‘We Just Wanted Help’: California Cops Shoot Black Man After His Family Calls 911 for Help After He Secluded Himself In Hotel Room During Mental Health Crisis

A man who survived a police shooting at a hotel outside Oakland, California, more than two years ago has filed a federal civil rights suit claiming he was unable to respond to law enforcement at his door due to a mental health episode he was having when the officers raided and opened fire.

The shooting on Feb. 24, 2022, left Ashton Porter with gunshot wounds to his stomach and arm following an intense 20-hour standoff at a Pittsburg Hampton Inn, according to the attorney representing the father of six from Georgia.

The civil complaint demands a jury trial and seeks unspecified damages.

'Just Wanted Help': California Cops Let Off Tear Gas, Pepper Spray and Bullets at Black Man Who Was Afraid to Leave Hotel Room During Mental Health Crisis, Lawsuit Says
Pittsburg, California police officers drag Ashton Porter through the hallway of a hotel after he was shot by one of them. (Photo: YouTube screenshot/Police Activities)

Filed on May 28, the lawsuit alleges misconduct by several heavily armed officers with the Pittsburg Police Department, who deployed tear gas and pepper spray into Porter’s hotel room to force him out but never attempted to make “peaceful” entry.

The lawsuit claims the officers unnecessarily escalated the situation even as no one’s life was ever in danger.

According to the lawsuit, Porter had been facing felony counts of assaulting an officer with a deadly weapon from the incident, but those charges were dismissed last month on May 6.  

Joined by five of their children, Porter and his wife, Gianna, announced the lawsuit at a May 28 news conference with their attorney, Adanté Pointer. 

One of their daughters said family members called police to the hotel for help, believing they could help calm their father down during an apparent psychological lapse.

Instead, the SWAT team showed up like a military strike force, complete with body armor and assault weapons — transforming a minor health issue into a life-or-death cause, the family said.

“We just wanted help, to know where he was … I felt like it was our fault that we called the police and we shouldn’t have,” Porter’s daughter said at the news conference, according to the Sacramento Bee. “What happened was unjust. Nothing was OK about it.” 

She emphasized, “I’m just grateful that he is here,” as these run-ins with law enforcement have led to a rising body count among Black men in America.

Porter, the victim, said he was initially hopeful that the officers would get him the help he needed during his momentary crisis, explaining that he was “going through a really rough time.”

But when Porter didn’t emerge from the room immediately, the SWAT troops began trying to force their way inside, battering the door and firing pepper spray and tear gas through the damaged entry, according to the lawsuit.

Inside, Porter said he was paralyzed with fear.

“This aggressive and unnecessary escalation stoked Mr. Porter’s fears that the officers were there to harm him and eroded any trust or rapport that had been established,” the legal complaint says.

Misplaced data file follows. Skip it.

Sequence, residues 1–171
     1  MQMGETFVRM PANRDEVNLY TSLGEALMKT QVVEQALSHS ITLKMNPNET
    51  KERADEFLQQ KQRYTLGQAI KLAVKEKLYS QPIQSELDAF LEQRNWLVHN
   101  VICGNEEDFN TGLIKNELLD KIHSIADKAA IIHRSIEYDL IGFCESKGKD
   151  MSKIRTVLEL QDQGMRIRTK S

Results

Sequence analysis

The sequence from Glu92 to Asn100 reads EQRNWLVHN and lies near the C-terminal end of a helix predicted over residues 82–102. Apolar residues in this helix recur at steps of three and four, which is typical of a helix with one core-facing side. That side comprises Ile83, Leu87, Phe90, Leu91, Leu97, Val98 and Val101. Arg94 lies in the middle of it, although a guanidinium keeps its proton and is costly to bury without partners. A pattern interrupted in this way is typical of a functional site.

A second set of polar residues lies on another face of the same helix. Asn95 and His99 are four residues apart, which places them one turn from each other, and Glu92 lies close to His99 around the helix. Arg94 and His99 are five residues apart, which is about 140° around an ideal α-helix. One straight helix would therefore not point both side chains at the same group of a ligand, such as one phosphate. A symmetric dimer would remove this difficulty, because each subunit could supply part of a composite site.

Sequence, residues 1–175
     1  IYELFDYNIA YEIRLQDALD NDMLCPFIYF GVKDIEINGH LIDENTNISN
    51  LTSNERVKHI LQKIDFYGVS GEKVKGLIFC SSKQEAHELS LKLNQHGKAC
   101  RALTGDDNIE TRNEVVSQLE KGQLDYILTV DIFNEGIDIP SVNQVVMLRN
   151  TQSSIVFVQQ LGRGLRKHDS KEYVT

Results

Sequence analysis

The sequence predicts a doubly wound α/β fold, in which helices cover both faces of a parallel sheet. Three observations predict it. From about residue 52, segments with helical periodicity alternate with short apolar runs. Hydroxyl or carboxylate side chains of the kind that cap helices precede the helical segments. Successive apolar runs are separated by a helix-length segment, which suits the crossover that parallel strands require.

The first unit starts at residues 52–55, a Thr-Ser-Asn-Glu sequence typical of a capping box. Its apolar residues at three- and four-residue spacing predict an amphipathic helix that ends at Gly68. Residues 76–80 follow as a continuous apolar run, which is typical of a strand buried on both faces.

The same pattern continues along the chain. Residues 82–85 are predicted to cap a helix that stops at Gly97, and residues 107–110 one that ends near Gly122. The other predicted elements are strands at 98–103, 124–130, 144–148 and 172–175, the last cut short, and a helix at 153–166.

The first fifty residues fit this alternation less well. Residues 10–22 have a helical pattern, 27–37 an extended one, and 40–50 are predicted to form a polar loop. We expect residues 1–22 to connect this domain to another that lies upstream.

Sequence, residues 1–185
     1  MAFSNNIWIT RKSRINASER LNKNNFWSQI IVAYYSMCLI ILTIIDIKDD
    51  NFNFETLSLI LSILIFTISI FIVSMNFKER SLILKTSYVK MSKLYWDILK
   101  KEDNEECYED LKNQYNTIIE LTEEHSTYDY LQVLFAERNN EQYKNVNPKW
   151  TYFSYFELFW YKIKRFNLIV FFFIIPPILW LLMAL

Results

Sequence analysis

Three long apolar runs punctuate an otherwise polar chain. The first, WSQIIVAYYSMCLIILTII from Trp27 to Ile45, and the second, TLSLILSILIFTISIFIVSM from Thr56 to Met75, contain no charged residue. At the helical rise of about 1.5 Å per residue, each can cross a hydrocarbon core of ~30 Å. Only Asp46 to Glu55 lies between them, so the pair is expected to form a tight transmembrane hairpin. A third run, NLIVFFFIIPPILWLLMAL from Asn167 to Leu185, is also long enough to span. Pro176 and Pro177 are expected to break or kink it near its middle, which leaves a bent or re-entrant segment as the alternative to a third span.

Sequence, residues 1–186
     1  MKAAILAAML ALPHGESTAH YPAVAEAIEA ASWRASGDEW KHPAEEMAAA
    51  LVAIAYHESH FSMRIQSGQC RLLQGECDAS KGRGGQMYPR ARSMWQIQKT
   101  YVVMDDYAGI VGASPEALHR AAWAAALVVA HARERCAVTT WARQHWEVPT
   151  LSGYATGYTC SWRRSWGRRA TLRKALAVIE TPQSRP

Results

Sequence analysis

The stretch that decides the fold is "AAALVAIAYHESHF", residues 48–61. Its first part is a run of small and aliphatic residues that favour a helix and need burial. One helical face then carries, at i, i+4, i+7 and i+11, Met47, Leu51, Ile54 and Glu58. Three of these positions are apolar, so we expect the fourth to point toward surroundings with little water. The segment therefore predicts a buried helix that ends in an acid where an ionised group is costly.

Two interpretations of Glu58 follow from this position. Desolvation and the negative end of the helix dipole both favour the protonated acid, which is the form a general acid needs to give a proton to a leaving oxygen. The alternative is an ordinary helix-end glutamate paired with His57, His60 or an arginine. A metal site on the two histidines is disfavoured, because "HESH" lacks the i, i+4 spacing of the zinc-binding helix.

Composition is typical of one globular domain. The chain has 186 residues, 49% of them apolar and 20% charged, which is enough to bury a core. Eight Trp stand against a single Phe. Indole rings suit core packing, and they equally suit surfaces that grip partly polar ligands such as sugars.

Soon, Porter was overcome by the gasses in the room and ran into the hallway, where SWAT team members had taken up positions at opposite ends, according to the lawsuit.

Police alleged that Porter had a large knife in his hand when he began to approach the officers.

Porter’s lawyer acknowledged that Porter had the knife but said he was holding his hands above his head and made no threatening moves.

That’s when the first shot rang out, and Porter was hit by a non-lethal rubber bullet, but this failed to put him down.

Two officers fired “two sponge projectiles that struck” Porter but were ineffective.

Seconds later, Officer Ernesto Mejia-Orozco shot Porter twice with real bullets, dropping him to the floor and ending the confrontation, according to the suit.

“Officers then dragged Mr. Porter down the hallway, into the elevator, and down to the hotel lobby, despite the fact that he had just been shot twice,” the complaint says.

Mejia-Orozco, who no longer works for the department, was questioned as part of a preliminary investigation and claimed he shot Porter as he “began sprinting down the hallway directly at him with a knife drawn,” the complaints say.

But the officer’s body-camera footage contradicts this account, showing Porter’s “body twisting in reaction to being shot by the rubber bullets” before Mejia-Orozco fired twice.

The standoff began a day earlier when several 911 calls reported Porter acting “strangely” at the hotel.

Police officials have since released a video of the incident that includes several angles from police body-cam footage.

Pittsburg Police Chief Steve Albanese has not personally commented on the incident, but the department issued a statement saying officers “exhausted efforts to convince (Porter) to exit the room” and deployed chemical irritants only after multiple attempts to end the standoff peacefully.

Pittsburg Police Lt. William Hatcher, who led the operation, allegedly dismissed mental health professionals who had arrived at the scene alongside his unit, the lawsuit states.

From there, Hatcher activated a plan to “aggressively force Mr. Porter out of his room,” the complaint alleges.

The lawsuit names the city of Pittsburg, Mejia-Orozco, Hatcher, Sgt. Cory Smith and former police Chief Brian Addington as defendants.

Mejia-Orozco currently faces criminal charges in two unrelated cases in which he has pleaded not guilty, one involving a bribery scheme in Contra Costa and the other a federal fraud case, according to the San Francisco Chronicle.

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